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Is this a watermark or actually part of the song?
July 29, 2011 4:50 AM   Subscribe

I think I bought a song off the iTunes Music Store that has a watermark on it.

I say "I think" because I'm not sure—I've searched a bit and all the instances of the song I can find on YouTube have it, too. However, some of those are leaks that predate the official release date (July 12) and it'd make some sense to have a watermark.

The song in question is "Before" by Washed Out, and the noise appears at 0:43 and recurs every so often.

That's not part of the song, right? It just doesn't sound like it's part of the song... It's annoying and pops up at all the good parts!
posted by autoclavicle to Media & Arts (15 answers total)
 
I don't know what you're hearing, dude. Everything I heard appears to be part of the song. (Disclaimer: I'm not familiar with the song or the artist.)
posted by phunniemee at 4:55 AM on July 29, 2011


I listened and thought the same thing as phunniemee - I'm not hearing anything that sounds out of place.
posted by brilliantine at 5:03 AM on July 29, 2011


It's the noise that sounds like a either a beep or a female/child voice, right before the male vocals start
posted by autoclavicle at 5:07 AM on July 29, 2011


We hear what you're hearing, it is part of the song. It's a sample that appears in measure.
posted by stachemaster at 5:13 AM on July 29, 2011


I hear what you're talking about - it's a very brief clip of what sounds like a vocal sample. But I doubt it's a watermark, as it occurs right on the beat at fairly logical intervals during the song. It's way up in the mix (too high for my liking), so it sounds out of place, but I think it's meant to be there.
posted by googly at 5:15 AM on July 29, 2011


iTunes songs are "watermarked" with text metadata though.
posted by devnull at 5:21 AM on July 29, 2011


If it really bothers you, I bet you can still get a refund from Apple.
posted by smackfu at 6:07 AM on July 29, 2011


Watermarks aren't generally audible.

The only time a label will put an audio watermark in a song is when they do a preview release for DJs or radio stations, etc, and it'll usually say something like "SO AND SO RECORDS 2011" or something like that...
posted by empath at 6:24 AM on July 29, 2011


Watermarks aren't generally audible.

Depends on where the audio is ripped from. Pre-release promos these days very often will have an audio blurb - sometimes it's just a sound to murk up the recording, sometimes it's as much as an actual vocal line saying "PROMOTIONAL REVIEW COPY" or the like a few times in each track to prevent it from being effectively broadcast.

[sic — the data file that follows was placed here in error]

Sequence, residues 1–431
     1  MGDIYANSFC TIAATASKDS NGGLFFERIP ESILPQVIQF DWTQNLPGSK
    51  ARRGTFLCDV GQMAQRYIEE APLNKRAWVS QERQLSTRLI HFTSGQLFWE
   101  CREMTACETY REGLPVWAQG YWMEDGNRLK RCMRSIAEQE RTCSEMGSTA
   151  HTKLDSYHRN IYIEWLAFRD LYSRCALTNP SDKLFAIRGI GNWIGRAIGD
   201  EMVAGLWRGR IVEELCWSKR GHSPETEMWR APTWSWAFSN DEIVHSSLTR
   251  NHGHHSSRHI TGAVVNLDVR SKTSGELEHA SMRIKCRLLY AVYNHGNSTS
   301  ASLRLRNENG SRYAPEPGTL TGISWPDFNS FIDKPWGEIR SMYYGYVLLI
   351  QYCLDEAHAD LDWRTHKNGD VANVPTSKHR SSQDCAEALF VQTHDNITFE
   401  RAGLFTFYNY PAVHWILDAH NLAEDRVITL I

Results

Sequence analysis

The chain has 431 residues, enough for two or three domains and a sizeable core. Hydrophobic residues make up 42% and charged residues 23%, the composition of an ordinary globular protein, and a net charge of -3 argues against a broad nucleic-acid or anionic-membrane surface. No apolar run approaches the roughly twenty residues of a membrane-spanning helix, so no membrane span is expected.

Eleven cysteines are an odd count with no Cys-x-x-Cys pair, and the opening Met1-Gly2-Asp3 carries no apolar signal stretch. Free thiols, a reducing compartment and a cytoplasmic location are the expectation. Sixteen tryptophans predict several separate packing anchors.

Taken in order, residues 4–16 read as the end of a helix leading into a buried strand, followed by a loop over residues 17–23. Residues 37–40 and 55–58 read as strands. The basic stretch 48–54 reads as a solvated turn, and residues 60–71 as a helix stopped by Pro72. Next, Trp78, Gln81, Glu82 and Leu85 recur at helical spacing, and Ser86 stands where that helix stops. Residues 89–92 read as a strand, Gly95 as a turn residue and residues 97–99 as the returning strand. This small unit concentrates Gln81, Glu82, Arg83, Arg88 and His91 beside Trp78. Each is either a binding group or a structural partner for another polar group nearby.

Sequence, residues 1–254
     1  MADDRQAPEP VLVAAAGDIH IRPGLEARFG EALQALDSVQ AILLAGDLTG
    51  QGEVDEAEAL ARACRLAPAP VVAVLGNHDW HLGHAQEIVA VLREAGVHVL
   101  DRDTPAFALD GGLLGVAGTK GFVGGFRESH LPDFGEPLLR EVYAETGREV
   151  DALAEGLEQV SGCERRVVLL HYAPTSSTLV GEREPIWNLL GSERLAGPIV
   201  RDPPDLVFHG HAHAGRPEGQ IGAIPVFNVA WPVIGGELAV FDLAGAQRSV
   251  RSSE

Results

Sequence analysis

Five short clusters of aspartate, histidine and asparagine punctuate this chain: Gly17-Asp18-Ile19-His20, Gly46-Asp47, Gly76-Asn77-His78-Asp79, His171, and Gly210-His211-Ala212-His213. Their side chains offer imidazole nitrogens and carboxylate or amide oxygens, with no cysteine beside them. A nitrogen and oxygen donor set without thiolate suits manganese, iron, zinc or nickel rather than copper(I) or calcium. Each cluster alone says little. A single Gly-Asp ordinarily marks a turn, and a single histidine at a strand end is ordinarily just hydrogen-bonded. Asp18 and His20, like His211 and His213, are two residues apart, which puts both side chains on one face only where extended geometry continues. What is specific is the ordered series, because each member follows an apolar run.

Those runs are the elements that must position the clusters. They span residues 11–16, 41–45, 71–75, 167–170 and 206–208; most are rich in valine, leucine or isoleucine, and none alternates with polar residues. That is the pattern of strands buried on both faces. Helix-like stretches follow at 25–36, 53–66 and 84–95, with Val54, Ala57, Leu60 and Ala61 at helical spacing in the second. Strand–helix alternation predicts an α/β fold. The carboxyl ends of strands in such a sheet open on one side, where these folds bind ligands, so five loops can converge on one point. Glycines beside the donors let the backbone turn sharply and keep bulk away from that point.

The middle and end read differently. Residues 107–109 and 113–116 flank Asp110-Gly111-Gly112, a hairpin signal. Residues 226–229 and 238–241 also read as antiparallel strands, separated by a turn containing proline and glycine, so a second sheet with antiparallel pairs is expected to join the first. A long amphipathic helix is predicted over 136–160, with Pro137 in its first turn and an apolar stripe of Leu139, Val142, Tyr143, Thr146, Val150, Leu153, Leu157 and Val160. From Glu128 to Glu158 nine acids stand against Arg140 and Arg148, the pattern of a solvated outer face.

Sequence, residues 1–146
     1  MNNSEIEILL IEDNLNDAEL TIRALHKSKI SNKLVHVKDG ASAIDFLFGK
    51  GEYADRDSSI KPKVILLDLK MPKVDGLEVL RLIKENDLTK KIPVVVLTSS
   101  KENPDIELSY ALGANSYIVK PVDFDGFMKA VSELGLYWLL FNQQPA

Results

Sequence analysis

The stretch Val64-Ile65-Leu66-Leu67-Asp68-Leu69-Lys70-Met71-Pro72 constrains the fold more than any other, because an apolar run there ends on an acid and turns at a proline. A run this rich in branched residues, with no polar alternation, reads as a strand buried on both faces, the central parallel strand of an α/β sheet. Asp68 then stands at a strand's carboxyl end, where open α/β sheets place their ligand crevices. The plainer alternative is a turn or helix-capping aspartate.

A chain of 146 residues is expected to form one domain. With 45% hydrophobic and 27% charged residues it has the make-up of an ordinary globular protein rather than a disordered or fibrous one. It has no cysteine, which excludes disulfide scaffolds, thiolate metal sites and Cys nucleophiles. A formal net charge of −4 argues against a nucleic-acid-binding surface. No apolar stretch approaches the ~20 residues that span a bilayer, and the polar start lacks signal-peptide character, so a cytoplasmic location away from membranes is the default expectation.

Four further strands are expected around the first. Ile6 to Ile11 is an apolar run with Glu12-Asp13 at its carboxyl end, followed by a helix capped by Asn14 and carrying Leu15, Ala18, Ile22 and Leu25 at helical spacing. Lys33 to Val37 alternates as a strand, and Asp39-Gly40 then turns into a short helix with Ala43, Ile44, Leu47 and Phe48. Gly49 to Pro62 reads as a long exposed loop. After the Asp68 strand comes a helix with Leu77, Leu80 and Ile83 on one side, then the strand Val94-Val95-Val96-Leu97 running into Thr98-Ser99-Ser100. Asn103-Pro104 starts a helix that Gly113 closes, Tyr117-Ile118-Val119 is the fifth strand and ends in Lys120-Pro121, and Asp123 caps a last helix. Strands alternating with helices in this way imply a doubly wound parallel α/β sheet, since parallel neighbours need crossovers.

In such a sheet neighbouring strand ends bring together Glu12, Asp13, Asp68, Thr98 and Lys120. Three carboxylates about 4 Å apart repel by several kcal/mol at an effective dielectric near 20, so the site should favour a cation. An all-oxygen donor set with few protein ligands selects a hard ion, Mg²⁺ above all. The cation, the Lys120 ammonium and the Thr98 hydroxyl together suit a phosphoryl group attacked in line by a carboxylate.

posted by FatherDagon at 9:23 AM on July 29, 2011


Just to chime in, I'm pretty sure it's part of the song --- it's a spliced vocal sample. Everything else on the track is bathed in reverb, though, and that sample is totally dry so it cuts through the mix and sticks out like a sore thumb. I can totally see how you would think it didn't belong there.
posted by Tiresias at 12:01 PM on July 29, 2011


To clarify - modern digital audio watermarks are non-audible and will survive conversions (digital and analog) and broadcast conditions. Publishing houses watching for sync rights hire companies that embed these watermarks to ensure that all royalties are paid.
posted by shinynewnick at 12:08 PM on July 29, 2011


> It's annoying and pops up at all the good parts!

I think that's your proof that it's intentional. Either that or, according to you, the good parts are actually the bad parts.
posted by AmbroseChapel at 6:23 PM on July 29, 2011


empath: "Watermarks aren't generally audible.

The only time a label will put an audio watermark in a song is when they do a preview release for DJs or radio stations, etc, and it'll usually say something like "SO AND SO RECORDS 2011" or something like that...
"

Yeah I recently got a song that said "On air with Ryan Seacrest - World Premiere" twice in the song.
posted by IndigoRain at 11:32 PM on July 30, 2011


I just got around to listening to this. That's 100% part of the song.
posted by empath at 11:57 PM on July 30, 2011


A semi-related story, that doesn't really answer the question, but illustrates how non-subtle audio watermarks are when they're audible -- a producer friend of mine had pirated a soft synth while he was working on a song, and he didn't know it, but when you rendered the track as an mp3, it inserted a sound of a person saying -- "Such and Such Synth by Whatsit Software 2010" every two minutes. He didn't know that until he actually played the song at a DJ gig, anyway...
posted by empath at 12:03 AM on July 31, 2011


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